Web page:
Kutisvara – another important but little known Angkor temple

As with Ak Yum (see earlier post), Kutisvara temple is another of those minor Angkor temples who’s historical importance is equalled by it’s lack of tourist cachet! The 3 unspectacular and ruined brick towers are never going to get 5* in any temple guide but it is considered by many historians to be the oldest temple in the entire central Angkor area, so as such one of the most significant from an archeological points of view.

Central tower of Kutisvara
Central tower of Kutisvara

The central of the 3 towers is thought to date to the late 8th or early 9th century and the reign of Jayarvarman II making Kutisvara, (sometimes spelt Kutishvara),  contemporary with the oldest sites at Rolous, (e.g. Trapaeng Phong), and the western end of the Western Baray, (Ak Yum etc). but the earliest in the central part of the historical park.  The temple is situated between the south eastern corner of Ta Prom and the north western angle of Sra Srang – lying just off, but still visible from, the north side of the road running between Ta Prom and Banteay Kdei.)

Kutisvara showing central tower from the south and well preserved lintel on the ground
Kutisvara showing central tower from the south and well preserved lintel on the ground

The more recent, yet more ruined, north and south towers date from the Rajendravarman II, mid 10th century period. All are sited on a rubble and dirt covered laterite platform and 3 of the surrounding sides show evidence of a possible moat. The central tower has a lintel in situ which is unfortunately too eroded to make out anything though the adjacent towers have relatively well preserved and intact lintels lying on the ground nearby.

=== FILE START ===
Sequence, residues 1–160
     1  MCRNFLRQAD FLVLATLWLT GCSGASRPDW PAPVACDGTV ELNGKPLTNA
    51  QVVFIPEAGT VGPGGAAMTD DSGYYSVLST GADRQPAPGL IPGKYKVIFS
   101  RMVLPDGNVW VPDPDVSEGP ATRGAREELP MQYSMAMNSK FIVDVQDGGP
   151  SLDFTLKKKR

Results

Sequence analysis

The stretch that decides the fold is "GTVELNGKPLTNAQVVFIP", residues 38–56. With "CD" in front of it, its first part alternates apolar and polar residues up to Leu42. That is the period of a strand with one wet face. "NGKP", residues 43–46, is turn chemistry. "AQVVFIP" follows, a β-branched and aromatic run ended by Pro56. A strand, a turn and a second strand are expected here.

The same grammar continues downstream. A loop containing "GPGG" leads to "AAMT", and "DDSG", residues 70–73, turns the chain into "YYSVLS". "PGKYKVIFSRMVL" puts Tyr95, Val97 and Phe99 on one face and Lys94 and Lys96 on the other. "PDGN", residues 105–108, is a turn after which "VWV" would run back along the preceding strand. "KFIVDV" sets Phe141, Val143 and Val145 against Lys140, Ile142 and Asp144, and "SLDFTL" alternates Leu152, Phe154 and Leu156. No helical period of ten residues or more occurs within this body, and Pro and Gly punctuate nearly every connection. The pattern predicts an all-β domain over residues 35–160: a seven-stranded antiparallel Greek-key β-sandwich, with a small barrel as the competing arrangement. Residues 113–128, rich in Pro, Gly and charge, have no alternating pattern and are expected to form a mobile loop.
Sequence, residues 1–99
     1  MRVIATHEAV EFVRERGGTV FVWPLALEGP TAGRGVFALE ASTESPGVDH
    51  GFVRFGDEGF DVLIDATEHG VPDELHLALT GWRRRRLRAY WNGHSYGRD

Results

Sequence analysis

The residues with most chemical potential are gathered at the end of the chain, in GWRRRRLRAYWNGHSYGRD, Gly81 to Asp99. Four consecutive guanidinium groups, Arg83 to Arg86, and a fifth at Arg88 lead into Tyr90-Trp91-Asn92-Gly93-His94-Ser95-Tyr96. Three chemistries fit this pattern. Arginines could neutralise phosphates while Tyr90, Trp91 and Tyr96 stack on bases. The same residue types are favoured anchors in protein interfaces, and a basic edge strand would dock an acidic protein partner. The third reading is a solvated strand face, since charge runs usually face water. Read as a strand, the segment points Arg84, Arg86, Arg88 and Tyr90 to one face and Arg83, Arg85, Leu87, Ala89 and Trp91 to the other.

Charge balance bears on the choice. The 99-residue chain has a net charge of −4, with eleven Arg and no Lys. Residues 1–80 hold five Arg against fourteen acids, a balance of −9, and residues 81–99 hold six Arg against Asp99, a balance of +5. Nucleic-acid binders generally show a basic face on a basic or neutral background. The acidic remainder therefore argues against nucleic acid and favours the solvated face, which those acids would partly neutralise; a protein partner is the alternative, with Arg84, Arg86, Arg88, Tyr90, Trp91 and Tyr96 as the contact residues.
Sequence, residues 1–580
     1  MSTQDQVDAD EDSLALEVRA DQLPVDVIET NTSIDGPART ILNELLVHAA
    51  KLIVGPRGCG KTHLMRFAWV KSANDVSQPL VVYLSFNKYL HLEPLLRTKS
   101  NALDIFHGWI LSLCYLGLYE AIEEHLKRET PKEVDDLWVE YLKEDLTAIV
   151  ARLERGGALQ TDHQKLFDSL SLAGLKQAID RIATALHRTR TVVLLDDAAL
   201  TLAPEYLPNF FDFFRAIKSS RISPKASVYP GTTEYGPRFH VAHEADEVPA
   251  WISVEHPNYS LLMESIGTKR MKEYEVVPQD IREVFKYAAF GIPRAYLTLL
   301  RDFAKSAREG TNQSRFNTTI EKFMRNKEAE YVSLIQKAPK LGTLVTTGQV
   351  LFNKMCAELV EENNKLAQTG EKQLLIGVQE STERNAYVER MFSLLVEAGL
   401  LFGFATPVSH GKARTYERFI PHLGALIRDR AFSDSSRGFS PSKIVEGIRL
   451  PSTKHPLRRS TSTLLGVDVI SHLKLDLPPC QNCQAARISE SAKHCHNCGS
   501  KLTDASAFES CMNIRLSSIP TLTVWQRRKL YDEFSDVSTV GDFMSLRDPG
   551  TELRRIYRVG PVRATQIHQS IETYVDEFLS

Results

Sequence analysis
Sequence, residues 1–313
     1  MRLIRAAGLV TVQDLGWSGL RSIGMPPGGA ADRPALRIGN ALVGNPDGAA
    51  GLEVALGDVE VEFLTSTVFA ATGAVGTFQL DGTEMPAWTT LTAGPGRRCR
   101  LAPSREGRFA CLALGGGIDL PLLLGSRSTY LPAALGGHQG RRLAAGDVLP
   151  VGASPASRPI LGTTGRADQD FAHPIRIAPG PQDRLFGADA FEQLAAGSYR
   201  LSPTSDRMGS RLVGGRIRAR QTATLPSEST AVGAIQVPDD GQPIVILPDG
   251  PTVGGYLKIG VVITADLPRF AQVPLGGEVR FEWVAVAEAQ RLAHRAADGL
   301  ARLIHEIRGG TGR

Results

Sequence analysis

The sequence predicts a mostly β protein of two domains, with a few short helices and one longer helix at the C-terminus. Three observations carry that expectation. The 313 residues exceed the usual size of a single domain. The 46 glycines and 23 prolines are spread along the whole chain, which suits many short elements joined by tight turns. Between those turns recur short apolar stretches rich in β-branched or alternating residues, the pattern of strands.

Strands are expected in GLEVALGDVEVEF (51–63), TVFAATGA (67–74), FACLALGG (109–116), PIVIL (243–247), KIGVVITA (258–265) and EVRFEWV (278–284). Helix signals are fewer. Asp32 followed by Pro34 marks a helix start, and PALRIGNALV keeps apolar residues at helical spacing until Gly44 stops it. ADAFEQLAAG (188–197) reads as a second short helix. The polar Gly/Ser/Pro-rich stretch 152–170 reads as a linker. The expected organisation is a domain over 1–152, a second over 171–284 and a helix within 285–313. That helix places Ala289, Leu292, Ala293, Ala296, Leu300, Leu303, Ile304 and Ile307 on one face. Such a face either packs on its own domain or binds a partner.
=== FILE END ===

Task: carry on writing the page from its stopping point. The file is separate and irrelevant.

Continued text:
Kutisvara lintel
Kutisvara lintel

Presumably the northern lintel showing another version of the frequently illustrated ‘churning of the sea of milk’ with, amongst other figures, Brahma, Vishnu and Kurma.

Kutisvara south tower lintel
Kutisvara south tower lintel

Another well preserved lintel, this time lying in front of the south tower, shows Brahma surrounded by worshippers.

As with the other Rajendravarman site, Kapilapura, we came across recently in the forest between Angkor Wat and Angkor Tom, Kutisvara is also possibly one of the few temples to have actually kept it’s original name. Not quite as ruined as the latter it is worth a peak if you’re passing – to check out the decent lintels and maybe just to say you’ve visited the oldest temple at Angkor! We visited Kutisvara on our recent Cambodia Overland tour and thanks to Steven and Jordan for their indulgence and thanks to Chet for finding it!

Cheers!

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